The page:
Different countries will be able to phase in the tough new international banking regulations at different times according to their economies' needs, under plans expected to be agreed at the G20 summit in Toronto.
The compromise on timing mirrors a similarly flexible approach on the increasingly divisive question of whether countries should continue fiscal stimulus measures to boost economic recovery, or make moves to cut ballooning public deficits.
There was little dissent on the question of whether banks should face tighter regulation to avoid a repeat of the global financial meltdown of two years ago. But the G20's original aim of agreeing the new rules by November and having measures in force by the end of 2012 is being softened because different countries are at different stages of recovery from recession.
The summit also refused to back proposals for a universal levy on banks to pay for the string of huge taxpayer bailouts, despite renewed pressure from European leaders keen to placate voters facing austerity measures.
Details of the final agreement remained unclear last night, with negotiations involving the G20 leaders continuing late into the evening. But a draft of their communiqué listed five guiding principles for financial reform including the need to take into account the individual circumstances of each nation and the need to "level the playing field". "The G20 expresses support for the financial sector to make a fair and substantial contribution toward paying for any burdens associated with government interventions where they occur to repair the financial system for fund resolution," the draft said, while refusing to say how such contributions would be made.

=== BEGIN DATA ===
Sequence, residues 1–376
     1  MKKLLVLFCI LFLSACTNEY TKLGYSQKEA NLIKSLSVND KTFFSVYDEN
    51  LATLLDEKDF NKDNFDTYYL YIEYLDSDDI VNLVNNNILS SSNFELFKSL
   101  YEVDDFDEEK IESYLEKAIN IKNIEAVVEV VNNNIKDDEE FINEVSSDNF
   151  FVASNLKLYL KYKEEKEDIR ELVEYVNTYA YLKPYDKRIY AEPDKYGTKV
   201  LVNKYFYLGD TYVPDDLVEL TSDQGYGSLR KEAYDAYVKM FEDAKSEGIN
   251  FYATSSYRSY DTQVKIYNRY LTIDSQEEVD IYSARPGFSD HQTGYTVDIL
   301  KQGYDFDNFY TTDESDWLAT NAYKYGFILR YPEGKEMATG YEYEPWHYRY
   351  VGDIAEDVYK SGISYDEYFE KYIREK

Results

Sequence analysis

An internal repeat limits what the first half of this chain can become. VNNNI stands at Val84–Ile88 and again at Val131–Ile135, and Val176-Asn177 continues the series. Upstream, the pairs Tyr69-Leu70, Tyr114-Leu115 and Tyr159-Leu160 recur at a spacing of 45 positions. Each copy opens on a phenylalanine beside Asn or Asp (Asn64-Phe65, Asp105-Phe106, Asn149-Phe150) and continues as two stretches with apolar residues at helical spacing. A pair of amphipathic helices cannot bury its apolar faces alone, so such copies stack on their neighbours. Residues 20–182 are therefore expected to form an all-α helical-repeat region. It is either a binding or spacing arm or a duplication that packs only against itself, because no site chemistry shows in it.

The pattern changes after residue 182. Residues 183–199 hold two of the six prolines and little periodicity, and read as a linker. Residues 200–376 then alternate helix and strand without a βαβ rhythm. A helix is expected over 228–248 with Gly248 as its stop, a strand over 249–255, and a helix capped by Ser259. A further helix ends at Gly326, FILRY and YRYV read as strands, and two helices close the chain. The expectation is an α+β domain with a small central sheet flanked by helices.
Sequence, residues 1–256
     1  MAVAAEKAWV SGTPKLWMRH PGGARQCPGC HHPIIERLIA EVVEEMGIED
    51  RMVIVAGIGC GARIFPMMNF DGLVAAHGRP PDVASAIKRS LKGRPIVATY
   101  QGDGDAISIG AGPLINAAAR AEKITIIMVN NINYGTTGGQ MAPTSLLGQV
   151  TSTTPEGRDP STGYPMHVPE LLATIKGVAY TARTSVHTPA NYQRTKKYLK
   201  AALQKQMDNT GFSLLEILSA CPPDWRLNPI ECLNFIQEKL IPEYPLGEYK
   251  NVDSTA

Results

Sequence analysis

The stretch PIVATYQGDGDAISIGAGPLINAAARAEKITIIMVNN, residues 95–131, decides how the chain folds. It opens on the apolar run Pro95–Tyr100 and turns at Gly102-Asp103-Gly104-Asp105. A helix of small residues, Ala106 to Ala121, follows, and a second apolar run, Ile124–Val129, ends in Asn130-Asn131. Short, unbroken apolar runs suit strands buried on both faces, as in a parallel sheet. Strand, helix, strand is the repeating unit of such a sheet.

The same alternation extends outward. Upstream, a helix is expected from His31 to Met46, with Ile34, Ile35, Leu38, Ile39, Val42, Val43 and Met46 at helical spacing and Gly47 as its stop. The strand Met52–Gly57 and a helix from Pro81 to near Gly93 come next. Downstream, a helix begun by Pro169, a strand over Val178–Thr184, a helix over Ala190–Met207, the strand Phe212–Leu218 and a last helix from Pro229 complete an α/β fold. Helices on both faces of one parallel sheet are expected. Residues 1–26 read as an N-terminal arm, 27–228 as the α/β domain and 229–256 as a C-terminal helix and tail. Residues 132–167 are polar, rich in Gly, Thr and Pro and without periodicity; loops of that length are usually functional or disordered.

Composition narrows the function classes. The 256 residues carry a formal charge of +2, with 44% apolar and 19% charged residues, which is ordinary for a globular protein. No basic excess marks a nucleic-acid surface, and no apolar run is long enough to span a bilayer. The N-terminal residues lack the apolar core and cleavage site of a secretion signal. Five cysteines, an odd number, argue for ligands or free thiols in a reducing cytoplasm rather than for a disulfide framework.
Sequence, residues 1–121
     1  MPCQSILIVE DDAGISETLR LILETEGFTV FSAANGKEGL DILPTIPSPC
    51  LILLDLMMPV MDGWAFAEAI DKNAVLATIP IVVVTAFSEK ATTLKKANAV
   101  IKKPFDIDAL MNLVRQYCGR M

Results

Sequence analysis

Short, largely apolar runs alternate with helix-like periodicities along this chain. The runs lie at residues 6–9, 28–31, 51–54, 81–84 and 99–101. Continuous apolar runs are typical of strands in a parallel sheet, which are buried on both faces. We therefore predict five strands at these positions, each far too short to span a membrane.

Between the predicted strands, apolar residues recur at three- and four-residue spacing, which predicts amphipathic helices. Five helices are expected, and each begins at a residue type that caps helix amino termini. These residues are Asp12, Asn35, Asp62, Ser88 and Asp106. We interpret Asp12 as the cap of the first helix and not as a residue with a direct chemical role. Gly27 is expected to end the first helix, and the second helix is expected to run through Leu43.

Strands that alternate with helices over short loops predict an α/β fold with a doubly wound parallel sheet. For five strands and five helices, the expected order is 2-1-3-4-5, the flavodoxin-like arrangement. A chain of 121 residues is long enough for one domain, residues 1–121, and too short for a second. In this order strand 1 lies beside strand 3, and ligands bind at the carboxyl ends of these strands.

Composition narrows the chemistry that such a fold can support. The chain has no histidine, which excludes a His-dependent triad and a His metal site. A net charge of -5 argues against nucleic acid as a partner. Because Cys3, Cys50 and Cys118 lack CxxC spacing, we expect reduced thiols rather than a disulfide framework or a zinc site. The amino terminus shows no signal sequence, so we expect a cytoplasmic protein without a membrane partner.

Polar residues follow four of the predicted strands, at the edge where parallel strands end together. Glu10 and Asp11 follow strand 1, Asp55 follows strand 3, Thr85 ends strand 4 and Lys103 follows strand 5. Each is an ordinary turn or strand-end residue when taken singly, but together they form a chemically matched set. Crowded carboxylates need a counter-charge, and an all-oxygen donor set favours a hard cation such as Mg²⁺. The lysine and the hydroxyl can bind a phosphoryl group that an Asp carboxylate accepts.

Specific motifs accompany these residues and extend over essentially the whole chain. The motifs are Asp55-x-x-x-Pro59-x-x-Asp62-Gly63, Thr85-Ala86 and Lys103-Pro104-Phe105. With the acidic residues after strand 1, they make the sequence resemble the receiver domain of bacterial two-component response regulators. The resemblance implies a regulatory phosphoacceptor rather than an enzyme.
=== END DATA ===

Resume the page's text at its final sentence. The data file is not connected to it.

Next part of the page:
A key plank of the reforms is revised "Basel III" measures from the committee of central bankers, including raising banks' capital and liquidity requirements. On Friday, the Bank of England called for an "extended transition" to any new international rules. And George Osborne used yesterday's talks at the G20 to push for a longer deadline. The position of the Chancellor of the Exchequer, which followed a lower-than-expected levy on British banks in last week's emergency Budget, is seen as evidence that Mr Osborne is listening to representations from lenders. Although smaller than feared, the levy coming into force in January will raise £8bn in the first four years.
Britain's move, alongside similar measures in Germany and France, was decided before the Toronto summit after opposition saw a global levy dropped from the G20's proposals.
Similar plans were dropped from the financial reform Bill passed by the US Congress last week. But within days President Obama was urging lawmakers to agree a $90bn, 10-year bank levy as the next stage of the reforms.